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Monk Snubbed Again

Feb 6, 2005, 2:01 PM EST

Contrary to what Yogi Berra once said, sometimes it is over before it’s over.

When John Mulbach, Jr., introduced as the Chairman of the Board of Trustees of the Pro Football Hall of Fame, announced that Art Monk and Russ Grimm had made it through the first cut of nominees from 15 to 10, there was still some hope that one or both would be cast in bronze in Canton. But neither made the next reduction in the field to six so, before Mulbach announced the four new enshrinees, it was over.

Grimm was in his first go-around and his selection would have been cause for celebration, of course, but his exclusion was by and large expected

It was a different story regarding Monk. He once held three major receiving records—receptions in a career, receptions in a season, and consecutive games with at least once reception. He is a slam-dunk Hall of Famer. The reaction to his exlclusion here was, what?

Shocked? No, not even mildly surprised. If you check the blog archives you’ll find this entry dated January 13 under the headline HOF: Another Year, Another Disappointment?

Two star players from Joe Gibbs’ first stint as coach of the Redskins, Art Monk and Russ Grimm, made the list of 15 finalists that will be considered for induction into the Pro Football Hall of Fame next summer. Monk has been eligible for induction for five years and has made it to the round of 15 every year, while Grimm has been eligible for nine years and this is the first time he has made it this far.

Don’t expect either to get in.

Angry? No, already expended enough of that on this subject. But many fans of the Redskins certainly were. Here’s a sampling of the reaction posted on one message board:

What a joke.

I am sick to my stomach.

If they can continually pass over a candidate whose peers and fans have consistently thought should be in, then there is some kind of prejudice going on with the committee.

Just sick.

Rot in hell Peter King and the rest of the idiots on the Hall of Shame selection committee. You are an embarrassment to the sport of football.

Back to the reaction here: Dumbfounded? Yeah, that’s it. Dumbfounded.

Even leaving aside the class with which he conducted himself on and off the field and the three Super Bowl rings, I just don’t understand how the man who once held those three records can be left out. I will say without looking it up that you can’t find a similar situation in any sport’s hall of fame. If you find one, my email address is posted above, please let me know.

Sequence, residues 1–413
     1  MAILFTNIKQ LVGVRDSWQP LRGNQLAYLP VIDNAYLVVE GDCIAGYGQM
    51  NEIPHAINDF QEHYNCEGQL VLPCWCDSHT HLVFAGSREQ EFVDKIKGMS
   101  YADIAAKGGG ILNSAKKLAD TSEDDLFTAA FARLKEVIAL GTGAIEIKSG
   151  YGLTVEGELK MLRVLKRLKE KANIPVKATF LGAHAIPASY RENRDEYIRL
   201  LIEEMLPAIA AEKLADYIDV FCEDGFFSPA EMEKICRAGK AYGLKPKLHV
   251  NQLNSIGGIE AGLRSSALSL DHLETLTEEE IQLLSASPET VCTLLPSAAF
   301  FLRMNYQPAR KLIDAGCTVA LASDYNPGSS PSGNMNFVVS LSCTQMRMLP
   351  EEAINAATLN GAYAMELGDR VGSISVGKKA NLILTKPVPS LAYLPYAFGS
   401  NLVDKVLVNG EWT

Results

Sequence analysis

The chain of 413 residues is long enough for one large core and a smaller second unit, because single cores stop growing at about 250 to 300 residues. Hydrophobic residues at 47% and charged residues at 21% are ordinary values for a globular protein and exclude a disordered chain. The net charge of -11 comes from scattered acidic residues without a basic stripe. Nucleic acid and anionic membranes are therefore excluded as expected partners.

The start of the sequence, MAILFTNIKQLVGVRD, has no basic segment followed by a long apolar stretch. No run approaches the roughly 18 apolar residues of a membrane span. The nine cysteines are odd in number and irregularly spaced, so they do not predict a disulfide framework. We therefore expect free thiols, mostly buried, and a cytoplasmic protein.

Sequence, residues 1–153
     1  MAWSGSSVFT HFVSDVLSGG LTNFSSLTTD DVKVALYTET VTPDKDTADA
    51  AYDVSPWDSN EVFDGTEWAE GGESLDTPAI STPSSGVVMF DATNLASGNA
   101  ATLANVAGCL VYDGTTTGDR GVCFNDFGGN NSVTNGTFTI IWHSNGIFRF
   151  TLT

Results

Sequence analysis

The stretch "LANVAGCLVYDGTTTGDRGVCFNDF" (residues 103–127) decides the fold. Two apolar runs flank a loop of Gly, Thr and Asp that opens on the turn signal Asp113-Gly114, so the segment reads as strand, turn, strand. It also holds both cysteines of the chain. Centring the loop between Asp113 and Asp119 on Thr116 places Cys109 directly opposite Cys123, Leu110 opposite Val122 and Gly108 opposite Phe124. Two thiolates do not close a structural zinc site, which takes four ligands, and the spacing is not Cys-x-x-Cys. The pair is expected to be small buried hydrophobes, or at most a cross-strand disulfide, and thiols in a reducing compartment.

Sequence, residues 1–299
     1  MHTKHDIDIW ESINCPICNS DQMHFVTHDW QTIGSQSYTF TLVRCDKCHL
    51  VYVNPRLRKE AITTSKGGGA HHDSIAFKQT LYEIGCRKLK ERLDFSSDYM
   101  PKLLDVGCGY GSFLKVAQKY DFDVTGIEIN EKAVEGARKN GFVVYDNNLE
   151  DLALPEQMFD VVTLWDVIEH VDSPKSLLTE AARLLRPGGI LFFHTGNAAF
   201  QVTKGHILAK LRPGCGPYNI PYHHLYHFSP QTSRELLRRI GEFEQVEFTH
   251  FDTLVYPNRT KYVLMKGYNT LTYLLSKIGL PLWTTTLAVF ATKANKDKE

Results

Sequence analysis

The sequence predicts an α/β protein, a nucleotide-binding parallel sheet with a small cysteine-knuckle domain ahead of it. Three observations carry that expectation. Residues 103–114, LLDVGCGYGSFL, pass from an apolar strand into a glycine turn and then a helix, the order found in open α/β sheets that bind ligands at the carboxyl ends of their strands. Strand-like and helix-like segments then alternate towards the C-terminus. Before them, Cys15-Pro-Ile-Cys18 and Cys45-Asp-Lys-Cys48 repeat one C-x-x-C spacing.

I’m even more dumbfounded after reading this quote by Paul Zimmerman of Sports Illustrated, who goes by the moniker “Dr. Z” :

SI.COM: How about Art Monk?

Dr. Z: Monk was hurt by Michael Irvin being eligible this year. It’s done alphabetically, and Irvin was presented before Monk. I think that really hurt him.

So, Monk is out because “I” comes before “M” in the alphabet? Irvin makes the final six and Monk is voted off the island by sheer luck? The granting of the status of immortality is dependent on such happenstance?

I would assume that it is the solemn duty of each selector to walk into the selection meeting brimming with knowledge about each of the 15 finalists. While there is some discussion, I would think that it would take some new and stunning revelation by someone in the room to swing even a single vote. If the attention span of the selectors is so short that they can’t consider each candidate in his own right, they need to get some new selectors or at least get some ritilan in the room.

Monk’s former teammate Doc Walker once said that “Art Monk doesn’t need the Hall of Fame, the Hall of Fame needs him.” One day, perhaps in the somewhat distant future, the voters will recognize that fact and enshrine him in the hall. Until then, though, it’s another year, another disappointment.

  1. Muccman - Feb 7, 2005 at 1:22 AM

    This is blasphemy. How could they continously disregard such a great player and character such as our beloved Art Monk. Redskin bias aside, he truly is a top candidate for the hall of fame. He not only represents a great statistical career, but the career of a champion, both on and off the field. What a great guy and what a great shame.

  2. Muccman - Feb 7, 2005 at 5:22 AM

    This is blasphemy. How could they continously disregard such a great player and character such as our beloved Art Monk. Redskin bias aside, he truly is a top candidate for the hall of fame. He not only represents a great statistical career, but the career of a champion, both on and off the field. What a great guy and what a great shame.

  3. oneampoet - Feb 7, 2005 at 2:30 PM

    I was talking to my friend whose an Eagles fan, and even he can’t believe they skipped over Monk again….I mean if even a Phili Fan recognizes that Monk should be in the Hall of Fame, then how stupid can these HOF voters be.

  4. oneampoet - Feb 7, 2005 at 6:30 PM

    I was talking to my friend whose an Eagles fan, and even he can’t believe they skipped over Monk again….I mean if even a Phili Fan recognizes that Monk should be in the Hall of Fame, then how stupid can these HOF voters be.

  5. mbarnes202 - Feb 7, 2005 at 5:29 PM

    Well,
    I agree, of course. I mean, 960 receptions and 12,000 yards (or whatever the totals are) are pretty darn amazing, considering that a whole, whole lot of those yards were ended with a crushing tackle over the middle.